Global Arbitration Review | 7 July 2014
Supporters of investment arbitration launch EU think tank
Corporate counsel and practitioners in Europe have formed a non-profit association to promote the benefits of investor-state arbitration and influence EU policy on investment protection.
The European Federation for Investment Law and Arbitration (EFILA) launched in Brussels on 1 July and aims to be the “main voice” of users of investment arbitration at the EU level.
EFILA’s secretary general, Nikos Lavranos, says the think tank will provide a platform for a “more balanced” discussion of investor-state arbitration and a corrective to recent criticisms of the system in the mainstream media. It will publish policy briefs and case law analysis, engage in dialogue with EU institutions and society at large, and hold lectures, seminars and an annual conference.
The group’s founding law firms are White & Case, Shearman & Sterling, Linklaters, Luther in Germany and Mannheimer Swartling in Sweden. Partners at those firms will sit on EFILA’s executive board, along with members of Herbert Smith Freehills, Quinn Emanuel Urqhart & Sullivan, Norton Rose Fulbright and NautaDutilh.
Meanwhile the group’s advisory board includes counsel from Shell, French pharmaceuticals company Sanofi and Dutch insurer Achmea ; Finnish, Hungarian and Polish government lawyers ; representatives of the Permanent Court of Arbitration and the International Chamber of Commerce ; and Loukas Mistelis, professor at Queen Mary, University of London.
EFILA is the brain-child of Gerard Meijer, a partner at NautaDutilh in Rotterdam and secretary general of financial dispute resolution body PRIME Finance ; and Lavranos, who is stepping down after more than four years as a senior trade policy advisor at the Dutch Ministry of Foreign Affairs, where he led the negotiations for several investment treaties.
Lavranos says the idea for EFILA was born out of their “frustration” at the fact that recent public discussion of investor-state arbitration in Europe has been largely dominated by anti-trade NGOs that are opposed to the entire investment protection regime, arguing that it favours corporate interests over human rights and the environment.
“We became increasingly annoyed that there were so many lies and half-truths and propaganda out there and no counterbalance. We felt there was a clear need for investment arbitration practitioners to pool their expertise and explain to the public the benefits of investor-state arbitration,” he says.
Public concern has focused in particular on the investment protections in the Transatlantic Trade and Investment Partnership, the draft trade agreement being negotiated between the EU and US. The German and French governments have spoken out against including such provisions in the treaty. In response to the disquiet, the European Commission has launched a public consultation on the treaty’s disputes provisions, setting out its own ideas for reforming the system to safeguard member states’ policy space.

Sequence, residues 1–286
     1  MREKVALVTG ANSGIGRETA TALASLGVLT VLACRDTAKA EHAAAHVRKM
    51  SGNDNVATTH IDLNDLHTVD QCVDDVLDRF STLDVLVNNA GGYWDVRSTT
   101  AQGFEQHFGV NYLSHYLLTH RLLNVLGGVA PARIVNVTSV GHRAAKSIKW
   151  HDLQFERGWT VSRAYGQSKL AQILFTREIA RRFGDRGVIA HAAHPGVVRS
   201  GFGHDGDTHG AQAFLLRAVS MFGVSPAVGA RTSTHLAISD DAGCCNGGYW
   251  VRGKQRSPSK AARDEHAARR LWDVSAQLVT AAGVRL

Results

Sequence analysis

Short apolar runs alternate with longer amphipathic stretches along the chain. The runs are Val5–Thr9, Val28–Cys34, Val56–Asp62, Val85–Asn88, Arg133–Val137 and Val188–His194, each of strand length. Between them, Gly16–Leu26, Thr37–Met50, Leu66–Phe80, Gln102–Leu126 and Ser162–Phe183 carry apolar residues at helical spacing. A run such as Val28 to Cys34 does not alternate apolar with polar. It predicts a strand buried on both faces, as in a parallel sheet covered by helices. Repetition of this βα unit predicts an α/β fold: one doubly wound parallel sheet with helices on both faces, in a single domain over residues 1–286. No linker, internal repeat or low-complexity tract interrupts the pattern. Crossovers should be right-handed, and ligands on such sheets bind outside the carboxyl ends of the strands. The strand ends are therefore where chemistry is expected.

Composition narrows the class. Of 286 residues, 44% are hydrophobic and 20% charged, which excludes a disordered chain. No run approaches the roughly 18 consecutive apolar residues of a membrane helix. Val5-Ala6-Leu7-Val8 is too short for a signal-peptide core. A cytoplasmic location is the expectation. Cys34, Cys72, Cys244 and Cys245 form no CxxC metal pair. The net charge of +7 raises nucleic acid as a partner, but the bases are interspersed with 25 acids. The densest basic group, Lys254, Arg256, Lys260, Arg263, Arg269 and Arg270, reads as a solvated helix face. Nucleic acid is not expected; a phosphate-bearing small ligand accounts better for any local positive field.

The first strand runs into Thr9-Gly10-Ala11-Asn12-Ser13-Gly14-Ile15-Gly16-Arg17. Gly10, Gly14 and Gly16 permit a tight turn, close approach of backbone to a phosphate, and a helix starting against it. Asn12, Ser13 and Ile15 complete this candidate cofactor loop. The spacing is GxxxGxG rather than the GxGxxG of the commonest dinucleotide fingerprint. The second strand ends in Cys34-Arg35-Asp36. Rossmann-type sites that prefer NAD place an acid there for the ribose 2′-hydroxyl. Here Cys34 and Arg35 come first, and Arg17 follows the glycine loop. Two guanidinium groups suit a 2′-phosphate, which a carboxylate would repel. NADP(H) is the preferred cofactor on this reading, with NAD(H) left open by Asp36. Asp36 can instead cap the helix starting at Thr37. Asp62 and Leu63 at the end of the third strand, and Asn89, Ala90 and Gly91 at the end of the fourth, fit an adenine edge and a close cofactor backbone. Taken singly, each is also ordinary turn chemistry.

“Nobody argues that the current investment arbitration system is perfect,” says Lavranos. “There is no doubt that the system has to evolve if it wants to survive. But we believe that most, if not all, of the critique is highly exaggerated and based on wrong perceptions.”
Lavranos, echoing comments he made at GAR Live Frankfurt last month, says some of the EU’s proposed reforms – including a closed list of basic rights under the fair and equitable treatment standard, and a standing appellate body to ensure consistency in case law – have not been properly developed.
“There has to be more legal analysis before the EU moves forward wildly with reforms to soothe the NGOs and the European Parliament, thereby undermining the useful elements of investment protection.”
He says EFILA is participating in the EU’s public consultation, and will contribute its own suggestions on ways to improve the investment protection regime without sacrificing the 50 years’ worth of benefits it has brought for European investors and states.
EFILA’s website can be viewed here.
The European Commissioner for Trade, Karel de Gucht, told an audience in Londonlast month that the EU-US treaty negotiations offered the opportunity to create a “new template” for investment treaties globally. However, he said it would be a “major mistake” to remove investor-state dispute settlement provisions from the treaty altogether.
EFILA executive board
Yas Banifatemi, Shearman & Sterling, Paris
Markus Burianski, White & Case, Frankfurt
Richard Happ, Luther, Cologne
Stephen Jagusch, Quinn Emanuel Urquhart & Sullivan, London
Nikos Lavranos, EFILA secretary-general
Gerard Meijer, NautaDutilh, Rotterdam
Patricia Nacimiento, Norton Rose Fulbright, Frankfurt
Jakob Ragnwaldh, Mannheimer Swartling, Stockholm
Daniella Strik, Linklaters, Amsterdam
Matthew Weiniger QC, Herbert Smith Freehills, London
EFILA advisory board
Frank ter Borg, manager of public affairs at Achmea
Jean-Guy Carrier, former secretary-general of the International Chamber of Commerce
Brooks Daly, deputy secretary-general at the Permanent Court of Arbitration in The Hague
Alexander de Daranyi, director and head of finance law at Sanofi in Paris
Emmanuel Gaillard, partner at Shearman & Sterling in Paris
Levente Gazdag, counsellor at the Ministry of Foreign Affairs of Hungary
Hans van Houtte, president of the Iran-United States Claims Tribunal in The Hague
Loukas Mistelis, professor at Queen Mary, University of London
Davide Rovetta, of counsel at Grayston & Company in Brussels
Kimmo Siniviuori, commercial counsellor at the Ministry of Foreign Affairs of Finland
Karol Tofil, senior expert at the Ministry of Economy of Poland
Arjan Waayer, senior legal counsel at Shell
Nikos Lavranos (secretary-general)
Blazej Blasikiewicz (general manager)
Lukasz Gorywoda (general manager)
White & Case
Shearman & Sterling
Herbert Smith Freehills